SS: His most famous film was MASH, a film about finding humor during wartime. After the bleakness of the Depression and WWII, the 1950s seemed to offer people hope and now it’s gone. What do you think got us here?
KV: This is a very rich country, an economic paradise, thanks to plentiful rainfall and topsoil. We could afford schools with classes of 15 or fewer and we could afford a national health plan like Norway or like Canada. Our so-called leadership brought us here.
SS: You’ve said that the lesson we learned from our engagement in the Vietnam War is that we found out how ruthless our leadership could be. How do you feel about that subject today?
KV: It’s a calamity. That’s all. This isn’t the first battle I’ve lost. This isn’t the country I’d hoped it could be, and which in fact could have been, except for a few people who feel they’re entitled to own everything. What’s going on now, we have wrecked the planet as a life support system, so it will slowly die. We are in a state of denial now. It would be too hard to fix it, and too expensive. There is only one party, which is People with Money. Some of them say they’re Democrats and they fight with the Republicans. What everybody is saying now is we can’t fix it. Just don’t spoil the party. We’ll keep having fun with cars as long as we can get ahold of gasoline. The weather is going to get worse and worse. More and more species are dying. In my last book, A Man Without a Country, I wrote a poem. I think it’s an important poem. But there is no such thing as an important poem these days — nobody pays any attention. We’re goners, because it would be too hard to repair it. Everybody is saying, “All right. I’ve only got a few more years and I’ll be out of here.” One of the works of art I did is a sign. It says, “Dear Future Generations: Please accept our apology.” It’s the most fun human beings have ever had. If you could look back at history, nobody was having any fun. Suddenly with cars, everybody started having fun. That’s going to end. I won’t give a shit because I’ll be dead. I won’t feel anything. I’ve tried so hard to die by natural causes, with no luck at all.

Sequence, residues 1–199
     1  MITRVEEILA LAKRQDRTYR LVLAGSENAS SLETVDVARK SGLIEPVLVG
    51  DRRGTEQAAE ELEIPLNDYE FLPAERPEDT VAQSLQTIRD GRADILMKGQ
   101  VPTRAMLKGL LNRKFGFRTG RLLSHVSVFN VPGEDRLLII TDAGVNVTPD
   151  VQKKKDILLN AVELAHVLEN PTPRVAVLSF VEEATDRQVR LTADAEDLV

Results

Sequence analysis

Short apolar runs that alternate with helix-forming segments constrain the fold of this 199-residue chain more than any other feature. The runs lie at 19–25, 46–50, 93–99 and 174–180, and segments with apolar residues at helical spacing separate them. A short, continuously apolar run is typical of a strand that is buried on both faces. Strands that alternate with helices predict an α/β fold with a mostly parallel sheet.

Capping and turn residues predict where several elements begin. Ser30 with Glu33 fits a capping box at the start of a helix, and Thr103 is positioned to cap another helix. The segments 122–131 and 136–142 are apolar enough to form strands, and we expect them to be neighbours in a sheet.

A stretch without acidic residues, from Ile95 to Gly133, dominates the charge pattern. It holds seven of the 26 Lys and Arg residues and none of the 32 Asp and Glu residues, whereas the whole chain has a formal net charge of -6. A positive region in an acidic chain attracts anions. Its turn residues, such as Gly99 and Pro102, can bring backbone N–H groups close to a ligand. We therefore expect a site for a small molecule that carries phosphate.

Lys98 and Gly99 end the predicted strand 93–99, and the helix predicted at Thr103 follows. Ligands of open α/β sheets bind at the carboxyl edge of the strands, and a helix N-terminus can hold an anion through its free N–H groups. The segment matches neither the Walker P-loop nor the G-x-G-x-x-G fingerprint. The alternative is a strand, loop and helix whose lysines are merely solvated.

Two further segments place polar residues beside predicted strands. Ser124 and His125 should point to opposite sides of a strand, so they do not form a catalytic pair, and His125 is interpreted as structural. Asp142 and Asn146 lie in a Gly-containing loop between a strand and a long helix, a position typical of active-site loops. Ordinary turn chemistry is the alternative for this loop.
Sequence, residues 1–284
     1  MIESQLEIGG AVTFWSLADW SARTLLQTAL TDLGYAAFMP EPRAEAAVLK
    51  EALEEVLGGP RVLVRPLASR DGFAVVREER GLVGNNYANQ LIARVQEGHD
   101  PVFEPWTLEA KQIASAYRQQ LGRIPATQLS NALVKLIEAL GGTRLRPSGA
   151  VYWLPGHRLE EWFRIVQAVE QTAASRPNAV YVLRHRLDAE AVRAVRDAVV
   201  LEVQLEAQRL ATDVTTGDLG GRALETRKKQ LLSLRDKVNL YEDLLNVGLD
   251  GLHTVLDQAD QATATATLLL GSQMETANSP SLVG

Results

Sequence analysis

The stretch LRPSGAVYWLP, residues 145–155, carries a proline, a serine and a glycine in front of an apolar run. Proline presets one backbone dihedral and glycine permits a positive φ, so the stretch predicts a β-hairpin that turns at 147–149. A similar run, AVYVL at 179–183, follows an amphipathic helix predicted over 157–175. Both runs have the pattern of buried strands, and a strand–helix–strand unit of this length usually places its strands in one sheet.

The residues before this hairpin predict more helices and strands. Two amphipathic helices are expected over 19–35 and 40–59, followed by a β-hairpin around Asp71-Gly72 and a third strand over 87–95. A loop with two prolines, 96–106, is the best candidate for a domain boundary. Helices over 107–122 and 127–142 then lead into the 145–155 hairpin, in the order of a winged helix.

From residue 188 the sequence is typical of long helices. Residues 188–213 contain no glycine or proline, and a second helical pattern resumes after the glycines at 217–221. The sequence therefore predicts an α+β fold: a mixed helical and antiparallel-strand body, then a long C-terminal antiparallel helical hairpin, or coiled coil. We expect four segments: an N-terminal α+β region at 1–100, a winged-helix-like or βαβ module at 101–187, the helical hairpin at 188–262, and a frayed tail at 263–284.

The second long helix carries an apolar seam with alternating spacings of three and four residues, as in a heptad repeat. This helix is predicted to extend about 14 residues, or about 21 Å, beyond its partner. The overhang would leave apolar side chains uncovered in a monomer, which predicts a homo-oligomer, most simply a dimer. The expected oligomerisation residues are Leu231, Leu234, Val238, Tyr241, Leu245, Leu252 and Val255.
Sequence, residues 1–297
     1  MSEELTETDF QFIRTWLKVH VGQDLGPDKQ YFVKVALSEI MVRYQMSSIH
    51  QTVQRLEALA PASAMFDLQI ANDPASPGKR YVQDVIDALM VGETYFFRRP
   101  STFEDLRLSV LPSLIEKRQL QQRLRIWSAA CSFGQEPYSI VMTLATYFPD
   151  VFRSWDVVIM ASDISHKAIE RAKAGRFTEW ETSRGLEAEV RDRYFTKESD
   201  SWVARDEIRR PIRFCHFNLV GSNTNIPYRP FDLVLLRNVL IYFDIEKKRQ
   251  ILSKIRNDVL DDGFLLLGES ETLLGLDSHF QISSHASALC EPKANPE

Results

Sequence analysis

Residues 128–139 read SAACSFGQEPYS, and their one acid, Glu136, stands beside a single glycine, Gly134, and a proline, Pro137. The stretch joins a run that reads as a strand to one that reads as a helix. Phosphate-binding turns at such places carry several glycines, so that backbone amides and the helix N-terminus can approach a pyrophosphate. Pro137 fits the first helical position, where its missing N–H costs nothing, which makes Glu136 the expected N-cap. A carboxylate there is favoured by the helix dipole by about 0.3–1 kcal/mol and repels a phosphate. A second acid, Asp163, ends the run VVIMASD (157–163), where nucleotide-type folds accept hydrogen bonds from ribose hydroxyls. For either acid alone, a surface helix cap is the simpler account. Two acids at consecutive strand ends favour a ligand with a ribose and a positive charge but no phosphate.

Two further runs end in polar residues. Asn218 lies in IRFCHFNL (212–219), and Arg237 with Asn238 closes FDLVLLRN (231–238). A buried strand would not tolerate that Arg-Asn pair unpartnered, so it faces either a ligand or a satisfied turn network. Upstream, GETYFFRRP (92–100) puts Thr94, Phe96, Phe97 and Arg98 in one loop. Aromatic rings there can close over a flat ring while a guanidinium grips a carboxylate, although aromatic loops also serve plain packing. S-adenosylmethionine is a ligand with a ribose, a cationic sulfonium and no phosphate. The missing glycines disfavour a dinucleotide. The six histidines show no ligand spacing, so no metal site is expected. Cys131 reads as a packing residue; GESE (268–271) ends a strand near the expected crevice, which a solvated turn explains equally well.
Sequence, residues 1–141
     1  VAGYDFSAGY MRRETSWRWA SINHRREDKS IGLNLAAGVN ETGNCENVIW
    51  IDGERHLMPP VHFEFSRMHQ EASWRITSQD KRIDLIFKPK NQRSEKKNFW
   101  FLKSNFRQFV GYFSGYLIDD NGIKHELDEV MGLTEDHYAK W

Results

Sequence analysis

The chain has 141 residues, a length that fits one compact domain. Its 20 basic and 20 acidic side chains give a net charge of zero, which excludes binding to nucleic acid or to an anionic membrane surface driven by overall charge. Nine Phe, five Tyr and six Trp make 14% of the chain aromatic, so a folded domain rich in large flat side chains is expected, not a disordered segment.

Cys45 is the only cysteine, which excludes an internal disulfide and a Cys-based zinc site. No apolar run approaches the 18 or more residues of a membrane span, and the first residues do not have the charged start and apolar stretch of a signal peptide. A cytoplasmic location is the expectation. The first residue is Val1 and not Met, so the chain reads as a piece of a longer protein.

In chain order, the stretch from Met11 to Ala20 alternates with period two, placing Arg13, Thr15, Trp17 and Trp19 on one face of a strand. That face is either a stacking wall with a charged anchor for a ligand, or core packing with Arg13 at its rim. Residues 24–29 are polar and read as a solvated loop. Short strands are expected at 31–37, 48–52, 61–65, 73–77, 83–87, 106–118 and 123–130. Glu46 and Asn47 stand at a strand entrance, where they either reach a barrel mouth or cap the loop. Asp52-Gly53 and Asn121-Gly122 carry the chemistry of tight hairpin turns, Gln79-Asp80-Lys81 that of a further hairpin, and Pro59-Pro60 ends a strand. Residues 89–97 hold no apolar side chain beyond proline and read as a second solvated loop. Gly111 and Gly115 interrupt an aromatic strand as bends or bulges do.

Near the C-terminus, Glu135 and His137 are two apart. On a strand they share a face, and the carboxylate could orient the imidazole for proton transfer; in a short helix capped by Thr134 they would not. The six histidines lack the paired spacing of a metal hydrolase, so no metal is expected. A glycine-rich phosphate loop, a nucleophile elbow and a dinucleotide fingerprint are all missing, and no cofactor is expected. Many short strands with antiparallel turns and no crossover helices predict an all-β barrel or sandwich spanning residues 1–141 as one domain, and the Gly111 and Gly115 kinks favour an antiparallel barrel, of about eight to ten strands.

SS: What gets you up in the morning?
KV: Sunlight. The news is perfectly terrible, so we all just entertain each other.
SS: We’re amusing ourselves to death?
KV: Yes. Well, there’s nothing else to do, because we can’t defend ourselves now against the collapse of the planet, of the life support system. I don’t know what the fuck to do. Certainly windmills aren’t enough. “Science is going to take care of everything. Don’t worry — meanwhile, use all the gas you want.” Christ, we have billionaires now. That is a huge amount of money.
SS: How can anyone be fine, even these very rich people, if the planet itself eventually dies?
KV: Because they’re psychopaths. They have no conscience. They were born without a conscience. They’re psychopathic personalities. There is a wonderful medical book about them. It’s called The Mask of Sanity. It’s by Dr. Hervey M. Cleckley. It’s about people who were born without consciences. They don’t care what happens next. They rise high in business because they’re so decisive. You and I would say, “Jeez. I don’t know what the hell we’re going to do now.” A psychopath would say, “Here’s what we’re going to do. Bang.” Women go for these guys, too, because they’re so decisive. One thing that’s really scary about them — and this would be true of Bush and Cheney — is that they don’t give a shit what happens to them. You could count on a guy saving his own ass. These guys don’t do it. They love to succeed, but they don’t care what happens to them, either.
SS: There’s no way these people can be re-elected in the next election cycle.
KV: I don’t care. We have no opposition party. We have only one party, and that’s winners. It’s people with money, and so they pretend to fight and argue back and forth.
SS: Before September 11th, it seemed like Ralph Nader’s 2000 presidential run might have been a viable movement to form a third party.
KV: Television, which is owned by the fascist corporations, did not take Nader seriously. They made him appear like a fool. That’s the end of any new party he wants to start. It’s the same with Howard Dean. He’s not taken seriously at all. I went to anti-war protests before the Iraq war began and we got absolutely no coverage. We were perfectly respectable people — men wearing jackets and ties, educated. They were solid members of the community, and no coverage at all.
During the Vietnam War protests, the government would send people to pretend to be part of us, and they were the ones who would actually raise hell. We had one rally in Washington near the Monument. I think it was Nixon’s second inauguration. We were behaving ourselves. A bunch of young guys showed up who looked like athletes. They had aerosol cans and they went up to the Washington Monument and wrote “shit” and “fuck” on it. They were sent by the government. I’m sure people thought they were us.
SS: Nixon got what was coming to him. I feel like this current administration makes Nixon look like he was playing beanbag.
KV: Oh yeah. I wish Nixon were president right now. I could at least talk to him.
SS: He seemed like he was battling his own personal demons, not those of Jesus Christ and the neocon establishment.